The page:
It hurt, Asbury. It hurt a lot. I gave so much to this college as a student. I was one of the hardest-working students I knew. I served on student government, helped add an honors program, and directed more plays than any other undergraduate in a decade. I was so thrilled to give back, even as I knew the difficulty teaching there would present.

People tell me it’s for the best, that I couldn’t have been myself here. I want to agree. But I think of how much fun it would be to teach theatre to a crop of earnest freshman in this place I called home, and I find myself wondering. I think I would have been happy for at least a little while.

Asbury, I addressed this to you as an institution, rather than any individual person or people, not because I don’t know the appropriate parties but because I’d like to protect them. I know full well most of their personal views aren’t really what’s at issue here; such decisions are made to appease the beliefs of a handful of conservative donors. I can forgive caving to this pressure even if I can’t quite condone it.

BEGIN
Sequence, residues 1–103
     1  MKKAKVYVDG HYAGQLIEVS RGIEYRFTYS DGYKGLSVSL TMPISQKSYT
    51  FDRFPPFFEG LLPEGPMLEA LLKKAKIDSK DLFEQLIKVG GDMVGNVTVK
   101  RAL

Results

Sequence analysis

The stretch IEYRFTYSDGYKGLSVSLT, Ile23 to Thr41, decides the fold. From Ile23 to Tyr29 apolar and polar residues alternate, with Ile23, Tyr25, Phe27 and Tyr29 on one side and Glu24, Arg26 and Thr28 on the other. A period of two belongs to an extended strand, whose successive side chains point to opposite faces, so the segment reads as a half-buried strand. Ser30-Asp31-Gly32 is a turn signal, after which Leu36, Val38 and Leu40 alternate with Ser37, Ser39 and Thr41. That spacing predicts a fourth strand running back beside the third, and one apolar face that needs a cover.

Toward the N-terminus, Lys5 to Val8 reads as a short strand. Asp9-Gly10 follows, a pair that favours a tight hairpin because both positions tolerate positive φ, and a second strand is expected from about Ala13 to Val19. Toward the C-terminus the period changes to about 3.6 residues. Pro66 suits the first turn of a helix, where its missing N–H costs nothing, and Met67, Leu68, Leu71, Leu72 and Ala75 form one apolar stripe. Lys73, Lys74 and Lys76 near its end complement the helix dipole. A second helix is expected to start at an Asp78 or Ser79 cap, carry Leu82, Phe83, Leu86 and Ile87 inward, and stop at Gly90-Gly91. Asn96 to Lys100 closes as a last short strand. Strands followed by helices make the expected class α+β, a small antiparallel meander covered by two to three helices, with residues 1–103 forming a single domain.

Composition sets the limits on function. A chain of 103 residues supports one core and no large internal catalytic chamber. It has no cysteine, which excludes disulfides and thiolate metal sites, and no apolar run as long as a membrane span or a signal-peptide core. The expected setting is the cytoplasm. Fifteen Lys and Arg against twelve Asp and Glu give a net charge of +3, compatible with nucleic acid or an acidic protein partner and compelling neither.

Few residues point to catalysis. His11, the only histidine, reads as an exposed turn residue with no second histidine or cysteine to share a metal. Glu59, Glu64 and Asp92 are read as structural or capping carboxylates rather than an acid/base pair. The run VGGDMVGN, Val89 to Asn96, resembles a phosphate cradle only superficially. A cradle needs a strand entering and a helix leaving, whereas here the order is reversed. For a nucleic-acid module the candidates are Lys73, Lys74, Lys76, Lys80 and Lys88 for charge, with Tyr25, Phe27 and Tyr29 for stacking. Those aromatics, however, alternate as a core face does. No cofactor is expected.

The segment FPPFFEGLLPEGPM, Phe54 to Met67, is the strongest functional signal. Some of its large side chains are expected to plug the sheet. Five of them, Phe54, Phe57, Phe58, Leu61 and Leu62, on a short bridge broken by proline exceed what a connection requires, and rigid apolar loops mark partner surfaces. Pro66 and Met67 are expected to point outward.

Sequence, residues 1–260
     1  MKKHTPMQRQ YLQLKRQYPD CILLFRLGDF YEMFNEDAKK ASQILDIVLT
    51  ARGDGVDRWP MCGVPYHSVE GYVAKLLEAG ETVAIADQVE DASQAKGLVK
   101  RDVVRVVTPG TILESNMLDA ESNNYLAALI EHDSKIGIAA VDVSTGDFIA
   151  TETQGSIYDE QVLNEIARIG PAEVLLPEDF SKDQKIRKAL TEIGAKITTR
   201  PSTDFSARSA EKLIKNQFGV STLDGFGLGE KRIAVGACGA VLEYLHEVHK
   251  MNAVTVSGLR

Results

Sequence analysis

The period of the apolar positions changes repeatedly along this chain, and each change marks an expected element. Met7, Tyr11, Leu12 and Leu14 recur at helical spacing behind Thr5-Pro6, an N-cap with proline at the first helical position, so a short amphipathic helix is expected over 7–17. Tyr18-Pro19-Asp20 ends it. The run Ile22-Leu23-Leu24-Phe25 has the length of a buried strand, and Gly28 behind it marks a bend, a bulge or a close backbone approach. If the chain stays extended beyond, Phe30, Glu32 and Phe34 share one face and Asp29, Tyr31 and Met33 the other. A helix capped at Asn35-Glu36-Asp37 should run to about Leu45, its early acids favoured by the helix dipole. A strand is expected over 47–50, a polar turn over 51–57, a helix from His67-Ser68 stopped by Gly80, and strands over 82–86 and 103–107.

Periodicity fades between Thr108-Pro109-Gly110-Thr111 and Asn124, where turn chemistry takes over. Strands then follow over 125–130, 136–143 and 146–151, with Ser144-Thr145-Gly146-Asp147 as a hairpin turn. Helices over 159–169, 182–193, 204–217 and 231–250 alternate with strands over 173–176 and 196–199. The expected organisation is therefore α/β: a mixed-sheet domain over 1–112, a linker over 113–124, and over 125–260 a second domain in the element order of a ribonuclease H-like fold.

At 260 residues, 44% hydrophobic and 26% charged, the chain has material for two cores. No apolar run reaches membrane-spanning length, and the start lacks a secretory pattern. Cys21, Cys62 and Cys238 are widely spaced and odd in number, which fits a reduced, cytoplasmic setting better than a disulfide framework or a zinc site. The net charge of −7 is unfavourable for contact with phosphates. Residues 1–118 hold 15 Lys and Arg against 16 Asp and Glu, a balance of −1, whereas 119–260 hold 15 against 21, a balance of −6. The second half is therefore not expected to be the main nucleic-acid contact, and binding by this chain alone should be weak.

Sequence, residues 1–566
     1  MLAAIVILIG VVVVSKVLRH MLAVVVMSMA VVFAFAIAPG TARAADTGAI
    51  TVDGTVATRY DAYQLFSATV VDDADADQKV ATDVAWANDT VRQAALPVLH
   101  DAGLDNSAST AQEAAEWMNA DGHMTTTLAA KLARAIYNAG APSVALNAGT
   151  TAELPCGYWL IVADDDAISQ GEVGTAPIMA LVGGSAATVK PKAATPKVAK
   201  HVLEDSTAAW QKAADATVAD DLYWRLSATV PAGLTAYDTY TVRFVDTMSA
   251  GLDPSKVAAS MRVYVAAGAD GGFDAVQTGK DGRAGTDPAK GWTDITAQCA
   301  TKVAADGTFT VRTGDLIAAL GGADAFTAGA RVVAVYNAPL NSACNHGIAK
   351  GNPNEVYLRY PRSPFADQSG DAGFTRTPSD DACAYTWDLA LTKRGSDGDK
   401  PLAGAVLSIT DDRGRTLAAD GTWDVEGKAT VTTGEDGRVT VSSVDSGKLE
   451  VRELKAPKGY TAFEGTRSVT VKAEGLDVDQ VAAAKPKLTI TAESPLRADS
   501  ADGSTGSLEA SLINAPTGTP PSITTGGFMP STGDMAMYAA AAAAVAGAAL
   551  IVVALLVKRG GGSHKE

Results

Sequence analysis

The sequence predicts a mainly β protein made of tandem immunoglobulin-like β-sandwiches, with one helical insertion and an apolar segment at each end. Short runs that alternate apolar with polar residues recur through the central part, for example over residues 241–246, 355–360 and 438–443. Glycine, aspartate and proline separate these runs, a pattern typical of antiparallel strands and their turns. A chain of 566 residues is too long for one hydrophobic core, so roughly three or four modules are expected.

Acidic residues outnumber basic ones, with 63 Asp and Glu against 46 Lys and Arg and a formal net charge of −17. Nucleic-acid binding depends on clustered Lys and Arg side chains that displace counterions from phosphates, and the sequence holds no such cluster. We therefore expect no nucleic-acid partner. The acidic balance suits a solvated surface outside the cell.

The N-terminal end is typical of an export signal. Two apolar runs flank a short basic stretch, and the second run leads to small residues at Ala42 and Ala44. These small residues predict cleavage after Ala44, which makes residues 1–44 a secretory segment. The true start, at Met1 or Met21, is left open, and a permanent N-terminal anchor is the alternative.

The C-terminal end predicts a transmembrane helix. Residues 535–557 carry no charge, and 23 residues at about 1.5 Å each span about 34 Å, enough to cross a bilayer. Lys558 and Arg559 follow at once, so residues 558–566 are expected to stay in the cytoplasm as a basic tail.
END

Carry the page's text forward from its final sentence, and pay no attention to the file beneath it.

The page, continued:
Asbury, I have chosen to make this public after two years of silence because of recent events. President Obama passed an executive order last week that essentially made your actions to me unlawful. Those who are interested in such things have watched as many high-profile Christian colleges have affirmed their right to continue in GLBT-directed discrimination. An example:

http://www.bostonglobe.com/metro/2014/07/08/gordon-college-president-defends-calls-for-religious-exemption-anti-discrimination-order/qLBxudxtNI07lXLFdkjbAN/story.html

There is expected to be much more of a backlash to this executive order, to say nothing of much pushback from Republicans in Congress, if for no better reason than that Obama passed it.

Asbury, I have no intention to sue you. This was two years ago, and I know I have no legal leg to stand on. I’m not sure I’d pursue a lawsuit if I could. It would hurt too much.

Asbury, I’m writing this for your own sake. For the sake of the thousands of GLBT students who have passed through your campus, silently hurting while earnestly pursuing their faith. For the sake of professors who taught diligently and faithfully for decades, while desperately hiding their orientation for fear of losing your jobs. And if that’s not enough, for the sake of the institution itself. In fifty years, don’t you want to be on the right side of history? Don’t you want to be proud of your courageous stance against bigotry and ignorance even when it wasn’t easy? Don’t you want to make the right choice when it isn’t being forced upon you?